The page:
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car-azy stuff Diesel edges closer to €2 per litre after surge in prices at the fuel pumps


Fuel prices continue to surge. Stock image

Fuel prices continue to surge. Stock image

Fuel prices continue to surge. Stock image

Diesel could reach €2 per litre at filling station in the coming days .

Fuel prices around the country are expected to return to record highs within the next week, wiping out the Government’s cut of 20c per litre on petrol and 15c on diesel.

An Irish Independent fuel survey across Ireland carried out over the past five days has found both diesel and petrol prices slowly creeping closer to the €2-per-litre mark.

The average price of a litre of diesel in Dublin is €1.97 – 2c higher than the national average of €1.95.

By the end of this working week, the highest diesel prices – in counties Westmeath and Dublin – had reached €1.99 per litre.

By comparison, April’s national average diesel prices stood at €1.90 per litre and €1.80 for petrol.

And while national petrol prices remain relatively stable, they too have crept up significantly, by 6c per litre over the past four weeks.

The national average for a litre of petrol is now €1.86, but is coming in at an average of €1.88 in counties Cork and Kildare and €1.87 in Dublin.

In the past six months, fuel prices have soared, with petrol increasing by 14c and diesel by 32c.

Our survey reveals how the reduction of 20c per litre on petrol and 15c on diesel ordered by the Cabinet in March, following record fuel cost surges, has been almost wiped out as prices continue their upward trajectory.

Paddy Comyn, of AA Ireland, warned that fuel prices were likely to continue to rise for the foreseeable future.

It comes as Ireland faces the highest inflation rate in decades.

While regional price differences are marginal, Dublin and the commuter-belt counties of Westmeath and Kildare recorded the highest diesel prices.

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Counties Cork, Westmeath, Kildare and Dublin recorded the highest petrol prices.

An in-depth survey carried out by the Irish Independent last November found that fuel prices had hit a record high in Ireland.

Back then, the average petrol price was €1.72 a litre, while diesel cost €1.63.

There was a marked contrast between fuel prices in 2021 and 2020, when the national average cost of a litre of unleaded petrol was €1.25, while diesel was €1.17.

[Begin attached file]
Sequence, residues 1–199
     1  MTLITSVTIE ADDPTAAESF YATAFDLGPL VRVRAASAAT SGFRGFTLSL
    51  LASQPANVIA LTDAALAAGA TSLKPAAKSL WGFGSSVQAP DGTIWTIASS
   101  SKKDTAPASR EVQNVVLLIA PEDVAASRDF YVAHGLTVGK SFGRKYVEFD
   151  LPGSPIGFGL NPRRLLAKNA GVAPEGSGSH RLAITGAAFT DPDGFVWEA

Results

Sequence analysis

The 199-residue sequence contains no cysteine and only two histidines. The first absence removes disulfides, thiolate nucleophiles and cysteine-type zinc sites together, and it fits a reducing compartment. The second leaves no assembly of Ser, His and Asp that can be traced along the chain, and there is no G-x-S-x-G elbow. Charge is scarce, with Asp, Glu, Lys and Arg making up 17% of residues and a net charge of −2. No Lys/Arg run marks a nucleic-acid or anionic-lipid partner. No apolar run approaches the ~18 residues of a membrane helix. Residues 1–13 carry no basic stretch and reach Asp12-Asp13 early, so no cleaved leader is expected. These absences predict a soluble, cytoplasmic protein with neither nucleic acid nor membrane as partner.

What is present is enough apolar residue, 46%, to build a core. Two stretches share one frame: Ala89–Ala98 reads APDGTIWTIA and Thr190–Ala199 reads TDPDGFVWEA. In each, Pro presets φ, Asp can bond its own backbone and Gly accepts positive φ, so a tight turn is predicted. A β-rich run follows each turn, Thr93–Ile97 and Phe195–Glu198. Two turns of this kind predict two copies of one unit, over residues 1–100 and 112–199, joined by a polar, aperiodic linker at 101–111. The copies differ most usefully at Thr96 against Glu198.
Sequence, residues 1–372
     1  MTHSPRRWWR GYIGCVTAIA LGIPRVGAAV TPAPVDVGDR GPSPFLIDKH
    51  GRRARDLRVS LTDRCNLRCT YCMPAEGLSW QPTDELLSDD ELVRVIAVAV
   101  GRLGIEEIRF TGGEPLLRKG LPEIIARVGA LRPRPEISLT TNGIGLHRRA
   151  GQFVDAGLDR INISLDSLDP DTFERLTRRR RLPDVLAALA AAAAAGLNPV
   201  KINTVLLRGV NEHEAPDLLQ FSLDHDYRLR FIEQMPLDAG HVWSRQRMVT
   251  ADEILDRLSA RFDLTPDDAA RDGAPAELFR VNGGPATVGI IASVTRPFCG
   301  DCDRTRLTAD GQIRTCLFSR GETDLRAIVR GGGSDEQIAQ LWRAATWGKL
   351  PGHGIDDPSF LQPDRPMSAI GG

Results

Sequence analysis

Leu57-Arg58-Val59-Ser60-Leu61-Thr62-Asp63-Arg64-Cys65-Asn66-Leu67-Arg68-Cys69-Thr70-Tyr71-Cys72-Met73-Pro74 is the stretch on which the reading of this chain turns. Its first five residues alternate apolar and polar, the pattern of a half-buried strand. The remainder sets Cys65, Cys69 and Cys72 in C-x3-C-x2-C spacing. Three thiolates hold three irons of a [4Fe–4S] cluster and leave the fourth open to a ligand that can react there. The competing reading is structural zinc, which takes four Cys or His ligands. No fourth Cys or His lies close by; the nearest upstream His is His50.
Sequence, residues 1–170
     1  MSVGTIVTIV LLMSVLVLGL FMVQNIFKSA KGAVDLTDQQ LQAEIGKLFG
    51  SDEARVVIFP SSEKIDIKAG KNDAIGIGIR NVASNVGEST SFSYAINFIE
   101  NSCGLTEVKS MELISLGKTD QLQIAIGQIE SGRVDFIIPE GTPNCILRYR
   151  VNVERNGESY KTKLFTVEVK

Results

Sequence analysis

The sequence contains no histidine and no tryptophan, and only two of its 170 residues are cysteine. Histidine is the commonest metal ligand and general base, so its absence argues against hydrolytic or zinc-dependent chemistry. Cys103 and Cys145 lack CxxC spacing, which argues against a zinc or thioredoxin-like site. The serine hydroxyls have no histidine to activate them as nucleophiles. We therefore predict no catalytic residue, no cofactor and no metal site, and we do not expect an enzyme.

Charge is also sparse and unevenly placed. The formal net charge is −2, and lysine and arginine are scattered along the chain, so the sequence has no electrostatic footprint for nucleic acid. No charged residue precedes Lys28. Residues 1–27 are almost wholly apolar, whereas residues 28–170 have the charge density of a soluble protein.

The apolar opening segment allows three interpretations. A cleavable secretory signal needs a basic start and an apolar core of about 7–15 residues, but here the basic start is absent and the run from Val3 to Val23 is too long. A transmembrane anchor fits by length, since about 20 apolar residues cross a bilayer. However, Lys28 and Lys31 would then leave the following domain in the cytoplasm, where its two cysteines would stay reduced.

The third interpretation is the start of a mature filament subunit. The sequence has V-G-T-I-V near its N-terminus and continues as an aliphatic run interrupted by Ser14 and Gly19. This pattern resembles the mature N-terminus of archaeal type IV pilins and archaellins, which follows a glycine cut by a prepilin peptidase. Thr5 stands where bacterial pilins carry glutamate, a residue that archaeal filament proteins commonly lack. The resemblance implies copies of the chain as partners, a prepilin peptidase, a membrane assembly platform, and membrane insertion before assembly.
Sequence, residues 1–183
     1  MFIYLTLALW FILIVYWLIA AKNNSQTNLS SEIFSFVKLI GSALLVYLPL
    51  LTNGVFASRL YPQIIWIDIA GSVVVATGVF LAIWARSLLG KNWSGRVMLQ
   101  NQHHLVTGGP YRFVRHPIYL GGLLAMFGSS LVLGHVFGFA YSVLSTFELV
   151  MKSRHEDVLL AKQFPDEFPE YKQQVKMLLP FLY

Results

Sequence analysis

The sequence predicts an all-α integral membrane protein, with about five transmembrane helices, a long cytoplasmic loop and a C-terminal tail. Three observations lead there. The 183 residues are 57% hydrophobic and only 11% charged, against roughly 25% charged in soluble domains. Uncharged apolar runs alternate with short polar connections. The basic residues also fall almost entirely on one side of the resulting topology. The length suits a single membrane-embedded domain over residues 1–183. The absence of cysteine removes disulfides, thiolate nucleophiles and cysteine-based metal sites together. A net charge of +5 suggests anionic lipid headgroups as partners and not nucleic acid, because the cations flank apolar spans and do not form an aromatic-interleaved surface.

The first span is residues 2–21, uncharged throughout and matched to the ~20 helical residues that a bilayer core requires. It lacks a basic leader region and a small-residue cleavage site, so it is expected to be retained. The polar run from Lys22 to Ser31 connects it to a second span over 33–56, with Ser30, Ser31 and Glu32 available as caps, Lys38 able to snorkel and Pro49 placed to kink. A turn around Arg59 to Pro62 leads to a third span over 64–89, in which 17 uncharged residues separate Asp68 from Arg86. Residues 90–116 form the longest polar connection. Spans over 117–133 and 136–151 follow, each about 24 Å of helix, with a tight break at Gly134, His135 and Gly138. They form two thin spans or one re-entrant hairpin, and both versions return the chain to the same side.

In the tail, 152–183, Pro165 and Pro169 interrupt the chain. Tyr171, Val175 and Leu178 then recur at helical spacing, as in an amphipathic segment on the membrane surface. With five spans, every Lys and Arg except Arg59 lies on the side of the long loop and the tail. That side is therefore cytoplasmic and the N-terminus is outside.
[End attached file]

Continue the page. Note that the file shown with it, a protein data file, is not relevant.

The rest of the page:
Mr Comyn warned there was no end in sight to rising fuel prices on the forecourts.

“Unsurprisingly, we are seeing prices creeping up again, given the potential for restrictions on Russian fuel,” he said.

“I think this will significantly affect diesel prices, which, looking at the evidence, are creeping toward the €2 mark again.

“It’s hard to put a timeframe on it, but we expect to see it soon.

“I think we will see a greater differential between diesel and petrol, with petrol remaining reasonably stable.”

Kevin McPartland, the CEO of Fuels for Ireland, the body that represents Irish companies that import, refine, distribute and market liquid fuels, said the Russian invasion of Ukraine was at the heart of soaring prices.

“The impact of the Russian invasion of Ukraine is still having a massive impact on the price of fuels paid by consumers,” he said.

“As companies and governments impose restrictions on Russian imports, fuel supply lines are tightening, while demand is driven higher by some electricity generators in the EU switching from Russian gas to oil for their power stations.

“The impact is most severe on home-heating oil because a far higher proportion of the price paid by consumers is made up of the costs of the stock, whereas about 80c per litre of the pump price for road transport fuels goes straight to the Government.”

The latest figures from the Central Statistics Office show the annual rate of price growth in the Irish economy was 7pc last month after surges in energy, fuel and grocery prices.

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